Spying for Economic Gain: Canada's CSEC Targeted Brazilian Energy Firms
New documents revealed by Edward Snowden show how CSEC spied on mining and energy companies in South American country
A new revelation based on documents leaked by former NSA contractor Edward Snowden that appeared on a Brazilian investigative news show on Sunday night showed that the Canadian intelligence agency, the CSEC, shared with its U.S. counterpart how it used high-tech surveillance to perform "economic espionage" on oil and gas companies in Brazil.
The internal documents, created by the CSEC and reportedly shared with the U.S. agency, shows how it tapped into computers and smartphones affiliated with Brazil’s mining and energy ministry in hopes of gaining "economic intelligence."
The key element of the new disclosure, according to journalist Glenn Greenwald, is how the revealed program again betrays claims by the NSA and similar agencies around the world that their surveillance programs are designed solely to protect citizens from the scourge of terrorism. As he tweeted Monday:
Wasn't really a smart idea for NSA to tell the world its mass surveillance is for terrorism, not economic advantage http://t.co/HdctRlXnJ1
— Glenn Greenwald (@ggreenwald) October 7, 2013
As the CBC reports Monday:
The report said the metadata of phone calls and emails from and to the Brazilian ministry were targeted by the Communications Security Establishment Canada, or CSEC, to map the ministry's communications, using a software program called Olympia. It didn't indicate whether emails were read or phone calls were listened to.
A spokesman for Prime Minister Stephen Harper would neither confirm nor deny the allegations when asked to respond to the report late Sunday night.
The "CSEC does not comment on its specific foreign intelligence activities or capabilities," said Harper's communications director Jason MacDonald.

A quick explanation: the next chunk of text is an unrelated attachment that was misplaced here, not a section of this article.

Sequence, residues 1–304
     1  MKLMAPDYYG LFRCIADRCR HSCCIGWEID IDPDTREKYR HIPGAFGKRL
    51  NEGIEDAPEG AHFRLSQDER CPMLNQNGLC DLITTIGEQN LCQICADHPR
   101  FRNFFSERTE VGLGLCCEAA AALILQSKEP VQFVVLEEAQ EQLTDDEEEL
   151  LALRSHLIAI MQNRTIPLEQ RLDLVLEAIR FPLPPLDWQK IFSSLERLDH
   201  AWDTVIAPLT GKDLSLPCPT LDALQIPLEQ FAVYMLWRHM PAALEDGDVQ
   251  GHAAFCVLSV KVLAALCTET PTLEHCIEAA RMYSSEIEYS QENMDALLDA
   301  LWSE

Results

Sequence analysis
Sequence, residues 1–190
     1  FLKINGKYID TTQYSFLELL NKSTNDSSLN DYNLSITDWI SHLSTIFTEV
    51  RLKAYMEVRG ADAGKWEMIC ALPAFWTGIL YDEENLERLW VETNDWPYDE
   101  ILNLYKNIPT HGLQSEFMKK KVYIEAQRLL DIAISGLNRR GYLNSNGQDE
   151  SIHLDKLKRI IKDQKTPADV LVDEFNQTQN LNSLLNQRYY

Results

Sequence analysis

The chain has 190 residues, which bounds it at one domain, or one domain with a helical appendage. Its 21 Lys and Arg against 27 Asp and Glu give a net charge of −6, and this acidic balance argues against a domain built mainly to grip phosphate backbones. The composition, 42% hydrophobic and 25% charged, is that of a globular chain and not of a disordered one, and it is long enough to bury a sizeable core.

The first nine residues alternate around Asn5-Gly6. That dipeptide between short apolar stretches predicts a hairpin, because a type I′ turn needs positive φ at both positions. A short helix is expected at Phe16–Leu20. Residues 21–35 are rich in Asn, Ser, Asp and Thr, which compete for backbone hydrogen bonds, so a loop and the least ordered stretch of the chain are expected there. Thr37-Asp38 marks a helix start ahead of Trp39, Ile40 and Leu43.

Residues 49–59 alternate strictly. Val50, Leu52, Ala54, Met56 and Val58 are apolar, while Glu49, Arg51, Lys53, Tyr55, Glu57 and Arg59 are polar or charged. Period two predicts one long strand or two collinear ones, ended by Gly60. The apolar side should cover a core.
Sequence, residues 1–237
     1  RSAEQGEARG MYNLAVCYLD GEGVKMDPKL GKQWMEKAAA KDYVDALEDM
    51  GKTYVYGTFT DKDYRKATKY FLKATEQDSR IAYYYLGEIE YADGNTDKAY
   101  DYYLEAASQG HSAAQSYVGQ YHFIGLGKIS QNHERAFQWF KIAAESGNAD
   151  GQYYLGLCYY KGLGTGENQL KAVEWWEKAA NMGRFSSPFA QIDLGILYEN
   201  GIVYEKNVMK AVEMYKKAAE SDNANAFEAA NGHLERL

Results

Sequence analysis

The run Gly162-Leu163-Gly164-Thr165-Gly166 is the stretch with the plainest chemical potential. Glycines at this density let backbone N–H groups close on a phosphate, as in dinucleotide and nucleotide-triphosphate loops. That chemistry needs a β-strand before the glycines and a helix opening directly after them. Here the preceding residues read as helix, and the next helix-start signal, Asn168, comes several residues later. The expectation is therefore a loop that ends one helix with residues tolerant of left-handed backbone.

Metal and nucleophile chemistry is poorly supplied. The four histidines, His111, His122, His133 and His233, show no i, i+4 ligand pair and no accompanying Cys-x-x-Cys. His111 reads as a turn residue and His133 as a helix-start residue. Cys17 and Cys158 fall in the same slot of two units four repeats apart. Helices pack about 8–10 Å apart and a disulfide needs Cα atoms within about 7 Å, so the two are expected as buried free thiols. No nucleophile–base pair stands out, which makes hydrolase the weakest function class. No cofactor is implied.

Brazilian Mines and Energy Minister Edison Lobao told Globo that "Canada has interests in Brazil, above all in the mining sector. I can't say if the spying served corporate interests or other groups."
American journalist Glenn Greenwald, based in Rio de Janeiro, worked with Globo on its report. Greenwald broke the first stories about the NSA's global spy program focusing on Internet traffic and phone calls.
And the Globe and Mail adds:
The impact for Canada of these revelations could be [...] grave: they come at a time when Brazil has become a top destination for Canadian exports, when a stream of delegations from the oil and gas industries are making pilgrimages to Rio de Janeiro to try to get a piece of the booming offshore oil industry, and when the Canadian government is eager to burnish ties with Brasilia. Foreign Affairs Minister John Baird visited Brazil in August, and spoke repeatedly about the country as a critical partner for Canadian business.
American lawmakers have introduced several bills that aim to rein in the U.S. National Security Agency's domestic surveillance programs.
Throughout all this, Canada’s electronic eavesdropping agency has kept a relatively low profile, never before emerging as the central figure in any Snowden-leaked spying program. Although it has existed since the Second World War, CSEC has rarely discussed any of its operations in public.
CSEC has a $350-million budget and 2,000 employees. By law, it has three mandates – to safeguard Canadian government communications and computers from foreign hackers, to help other federal security agencies where legally possible, and to gather “foreign intelligence.”
The federal government is building a new $1-billion headquarters for CSEC on the outskirts of Ottawa.